Time Warner Cable Options (TWC): Unusual Trading Activity

| August 13, 2012 | 0 Comments

TWC OptionsOptions in cable network company Time Warner Cable (TWC) showed a large amount of trading activity just before the market’s close Friday.

The broad market continued its grind upward into the end of the week.  Both the Dow and the S&P 500 closed higher Friday capping off a fifth straight week of gains.

The question now is… with the S&P at a critical resistance level of 1,400, is the market poised for a breather?

It appears some option traders believe it is.

How do I know this?

Simple, option traders are beginning to buy more put options than call options on individual names.  In other words, traders are betting on stocks heading lower in the near term.

So, it’s not surprising that our tracking system is showing some put buying on companies that have seen nice run-ups lately. 

And Time Warner Cable is one of those names. 

Shares of the cable provider have been trending higher since the end of November, when they traded just above $57 a share.  On Friday, the stock closed just under $90 a share.

So, the big trade in TWC?

Our tracking system detected at least two traders buying 5,000 contracts of the TWC August $85 strike put options.  One block traded 2,700 contracts and another only eleven seconds later of 2,300 contracts.  The average price paid was $0.20 per contract.  

The total cost of the trade was a mere $100,000.  But, if the stock does pullback, these traders stand to make a huge profit.

Let’s remember… when buying puts, the maximum profit potential is unlimited.  The more the stock falls below the option’s strike price, the bigger the gain. 

And in this case, it’s not a bad potential pay-off!

So, why so much negativity around this name?

If you don’t already know, Time Warner Cable owns cable networks that pass roughly 29 million homes.  They serve more than 12 million television subscribers, 10.5 million high-speed internet access customers, and 5 million phone subscribers.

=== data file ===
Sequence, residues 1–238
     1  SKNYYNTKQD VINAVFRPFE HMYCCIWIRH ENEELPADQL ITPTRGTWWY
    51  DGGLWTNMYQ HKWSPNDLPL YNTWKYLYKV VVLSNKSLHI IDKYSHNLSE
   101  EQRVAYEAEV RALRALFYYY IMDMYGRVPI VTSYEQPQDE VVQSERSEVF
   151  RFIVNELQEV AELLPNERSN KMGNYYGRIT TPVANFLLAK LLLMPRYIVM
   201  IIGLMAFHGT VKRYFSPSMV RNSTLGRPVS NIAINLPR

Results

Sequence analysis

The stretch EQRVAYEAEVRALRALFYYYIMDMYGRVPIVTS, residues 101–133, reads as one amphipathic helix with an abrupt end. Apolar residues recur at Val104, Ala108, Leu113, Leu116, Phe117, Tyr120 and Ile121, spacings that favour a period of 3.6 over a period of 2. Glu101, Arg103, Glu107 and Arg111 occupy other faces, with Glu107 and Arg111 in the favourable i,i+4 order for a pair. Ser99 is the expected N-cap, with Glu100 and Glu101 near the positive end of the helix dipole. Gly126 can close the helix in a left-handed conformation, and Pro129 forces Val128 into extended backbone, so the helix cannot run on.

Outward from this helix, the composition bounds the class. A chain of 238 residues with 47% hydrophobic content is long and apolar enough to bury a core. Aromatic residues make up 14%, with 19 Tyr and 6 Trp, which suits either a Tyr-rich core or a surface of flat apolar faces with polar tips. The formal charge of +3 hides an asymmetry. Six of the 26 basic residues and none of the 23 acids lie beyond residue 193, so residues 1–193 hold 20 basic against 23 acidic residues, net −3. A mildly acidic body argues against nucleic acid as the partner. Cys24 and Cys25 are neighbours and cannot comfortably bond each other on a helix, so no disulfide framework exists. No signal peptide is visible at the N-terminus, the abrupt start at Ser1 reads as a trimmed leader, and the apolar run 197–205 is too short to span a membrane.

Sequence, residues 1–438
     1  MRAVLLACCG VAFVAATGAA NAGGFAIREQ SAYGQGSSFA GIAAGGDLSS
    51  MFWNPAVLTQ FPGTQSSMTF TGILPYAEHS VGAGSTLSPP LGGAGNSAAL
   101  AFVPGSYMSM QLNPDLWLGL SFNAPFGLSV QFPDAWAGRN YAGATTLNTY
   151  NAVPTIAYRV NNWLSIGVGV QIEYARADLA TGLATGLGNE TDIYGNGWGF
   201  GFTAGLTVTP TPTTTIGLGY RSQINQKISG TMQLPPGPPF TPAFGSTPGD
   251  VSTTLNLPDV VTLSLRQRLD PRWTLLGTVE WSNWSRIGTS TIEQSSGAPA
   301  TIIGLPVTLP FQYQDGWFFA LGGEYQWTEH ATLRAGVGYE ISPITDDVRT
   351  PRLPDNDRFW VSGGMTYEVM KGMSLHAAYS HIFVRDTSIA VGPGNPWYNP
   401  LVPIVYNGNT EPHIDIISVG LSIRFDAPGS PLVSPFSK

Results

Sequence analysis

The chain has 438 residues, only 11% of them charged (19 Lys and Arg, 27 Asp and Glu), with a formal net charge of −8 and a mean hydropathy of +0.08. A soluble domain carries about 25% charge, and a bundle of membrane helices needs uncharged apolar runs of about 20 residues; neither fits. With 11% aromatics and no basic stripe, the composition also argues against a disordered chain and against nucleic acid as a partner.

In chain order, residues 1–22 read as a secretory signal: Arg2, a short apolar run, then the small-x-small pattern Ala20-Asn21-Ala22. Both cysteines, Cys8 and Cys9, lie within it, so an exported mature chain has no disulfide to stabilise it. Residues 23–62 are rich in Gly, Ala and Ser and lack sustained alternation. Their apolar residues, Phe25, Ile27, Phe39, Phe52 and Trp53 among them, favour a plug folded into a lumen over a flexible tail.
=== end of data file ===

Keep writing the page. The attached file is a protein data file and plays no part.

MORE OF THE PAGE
The company’s network covers much of Ohio, New York, and the Carolinas.  And major markets served include New York City, Los Angeles, and Dallas.

Nevertheless, the company has its fair share of problems moving forward. 

For one, TWC will continue to struggle to grow and maintain its margins. With phone companies skimming off television customers and the internet access business maturing, margins are under pressure.

In addition, the company’s fixed-line phone service is a declining business.  Internet-based video and wireless services are hampering growth.  And the problem is only likely to worsen as time goes on.

More importantly, wireless is a major hole in TWC’s service capabilities. The company is currently shifting its wireless strategy, selling off its spectrum holdings and abandoning long-time partners Clearwire (CLWR) and Sprint (S) in favor of Verizon Wireless (VZ).

The Clearwire arrangement’s failure demonstrates that partnerships are a poor substitute for outright network ownership.

Bottom line…

These points are leading some option traders to believe TWC is going to head down in a hurry. 

What do you think?

For more detailed information on unusual options activity and how you can profit from it, be sure to sign-up for our daily newsletter, Options Trading Research.  It’s always 100% free and packed full of option trading ideas you can use immediately in your own portfolio.  Click here to subscribe for free.

Safe Trading,

Marcus Haber

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Category: Unusual Options Trading Activity

About the Author ()

Marcus Haber is the co-editor of Options Trading Research and boasts well over a decade of real-life options experience. Learning from some of the biggest names in the business, Marcus has served as an Options Strategist for a number of firms and was also appointed to the Options Advsiory Board with Pershing, a branch of the Bank of New York.